Today's Hard|Forum Post
Today's Hard|Forum Post

ASUS R7 265 DC2 & GTX 750 Ti DC2 OC 1080p Review

Today we continue our quest at finding the best value for 1080p gaming at less than $200. We are looking at two video cards from ASUS, the R7 265 DirectCU II and the GTX 750 Ti DirectCU II OC. We will compare across a variety of 1080p gaming, and draw our conclusion on the best value between the R7 260X, R7 265, and GTX 750 Ti.

Introduction

Today's evaluation is the second part, and conclusion to our look into finding the best value for gameplay performance at 1080p under $200. In the first part of this in-depth look into various video cards under $200 for 1080p gaming we started with the ASUS Radeon R7 260X DirectCU II video card in comparison to an ASUS GeForce GTX 750 Ti DirectCU II. The AMD Radeon R7 260X is a re-branding of a previous generation GPU (but based on GCN 1.1 Bonaire), and was one of the first released in the new re-branded R7 line. The NVIDIA GeForce GTX 750 Ti is a newer GPU based on NVIDIA's Maxwell architecture, but is priced in competition with the AMD R7 260X. However, the AMD R7 260X was not the only trick AMD had in its bag.

Recently, this year, AMD released another video card, again a re-branding, but with specifications that are quite appealing for a sub-$200 video card. The AMD Radeon R7 265 was born. This sub-$200 video card is also in competition with NVIDIA's GeForce GTX 750 Ti, as both are priced exactly the same as far as MSRP goes.

In today's evaluation we are going to go head-to-head with an R7 265 and GTX 750 Ti with both overclocked to their maximum potential. We will find out once and for all what really is the best value under $200 for 1080p gaming, will it be the R7 260X? The R7 265? or the GTX 750 Ti? Read on to find out.

Let's start with the first card, on our test bench today is the ASUS R7 265 DirectCU II (R7265-DC2-2GD5) video card.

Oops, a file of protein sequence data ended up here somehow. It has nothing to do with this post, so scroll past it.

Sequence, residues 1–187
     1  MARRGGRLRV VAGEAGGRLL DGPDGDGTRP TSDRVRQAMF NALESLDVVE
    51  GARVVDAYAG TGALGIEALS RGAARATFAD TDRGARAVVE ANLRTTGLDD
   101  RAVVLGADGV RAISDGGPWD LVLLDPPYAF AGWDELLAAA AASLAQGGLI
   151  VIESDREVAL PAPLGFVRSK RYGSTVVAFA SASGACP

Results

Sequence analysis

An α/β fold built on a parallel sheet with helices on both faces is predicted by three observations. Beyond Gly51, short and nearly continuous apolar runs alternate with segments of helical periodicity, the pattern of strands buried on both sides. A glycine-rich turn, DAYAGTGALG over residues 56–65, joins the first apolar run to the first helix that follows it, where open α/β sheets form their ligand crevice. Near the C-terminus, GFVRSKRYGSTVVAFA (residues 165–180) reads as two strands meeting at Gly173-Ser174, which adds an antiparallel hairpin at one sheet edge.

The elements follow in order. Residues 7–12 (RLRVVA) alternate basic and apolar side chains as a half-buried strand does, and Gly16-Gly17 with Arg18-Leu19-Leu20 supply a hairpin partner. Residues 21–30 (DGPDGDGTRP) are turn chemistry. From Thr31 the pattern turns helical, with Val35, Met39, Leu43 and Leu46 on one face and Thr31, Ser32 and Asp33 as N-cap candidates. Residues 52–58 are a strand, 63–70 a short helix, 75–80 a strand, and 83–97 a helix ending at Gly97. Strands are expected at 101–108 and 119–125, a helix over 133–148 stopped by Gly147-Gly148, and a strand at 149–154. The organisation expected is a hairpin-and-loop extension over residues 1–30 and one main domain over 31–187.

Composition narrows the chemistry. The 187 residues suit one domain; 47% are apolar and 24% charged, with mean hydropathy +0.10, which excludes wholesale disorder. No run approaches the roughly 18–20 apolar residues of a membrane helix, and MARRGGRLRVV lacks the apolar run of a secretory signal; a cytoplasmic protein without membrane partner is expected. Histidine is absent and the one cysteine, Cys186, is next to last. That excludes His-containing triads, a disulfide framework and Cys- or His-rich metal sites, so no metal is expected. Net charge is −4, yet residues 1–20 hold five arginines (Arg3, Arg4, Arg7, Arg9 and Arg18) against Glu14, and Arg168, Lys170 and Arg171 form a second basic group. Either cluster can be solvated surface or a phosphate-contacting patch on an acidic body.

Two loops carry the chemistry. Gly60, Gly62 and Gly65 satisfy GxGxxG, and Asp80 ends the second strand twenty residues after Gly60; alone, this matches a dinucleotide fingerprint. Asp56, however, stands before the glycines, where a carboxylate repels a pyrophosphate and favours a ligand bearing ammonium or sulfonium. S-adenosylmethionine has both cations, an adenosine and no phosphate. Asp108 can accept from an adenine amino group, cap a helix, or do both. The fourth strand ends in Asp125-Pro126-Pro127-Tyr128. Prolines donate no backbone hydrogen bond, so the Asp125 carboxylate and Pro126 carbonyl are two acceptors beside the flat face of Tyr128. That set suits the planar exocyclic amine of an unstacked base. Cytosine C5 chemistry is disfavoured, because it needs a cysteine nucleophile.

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A few weeks ago we evaluated the ASUS R7 260X DirectCU II OC video card. That GPU was based on the "Bonaire" GPU architecture, often called GCN 1.1. This means it supports features from the "Hawaii" GPU architecture of the AMD Radeon R9 290/X like TrueAudio and some improvements to the shaders and function support.

The ASUS R7 265 DirectCU II OC Video card is based on the older "Pitcairn" GPU architecture, or GCN 1.0. You know these to have been the Radeon HD 7870 and 7850 video cards. This can still support Mantle, but we don't have TrueAudio and the improved shader function features. The AMD R7 265 utilizes 1024 stream processors compared to the R7 260X that uses 896. The R7 265 also has 64 texture units and 32 ROPs. The R7 260X only has 56 texture units, and 16 ROPs. The R7 260X has much faster memory running at 6.5GHz, but it runs on a 128-bit memory bus. The R7 265's memory runs at 5.6GHz on a 256-bit memory bus. The R7 265 also has a superior transistor count at 2.8 Billion, compared to 2.08B on the R7 260X. The R7 265 has an MSRP of $149, which is $10 more than the R7 260X. On paper, the R7 265 should fair much better than the R7 260X due to the improved memory bandwidth, which will help gaming at 1080p.

When we look for competition from an NVIDIA based GPU we have to look toward the new GeForce GTX 750 Ti. This is equally priced to the R7 265 at $149. We will be using the ASUS 750 Ti DirectCU II OC video card in this evaluation, and will break it down in depth on the next page.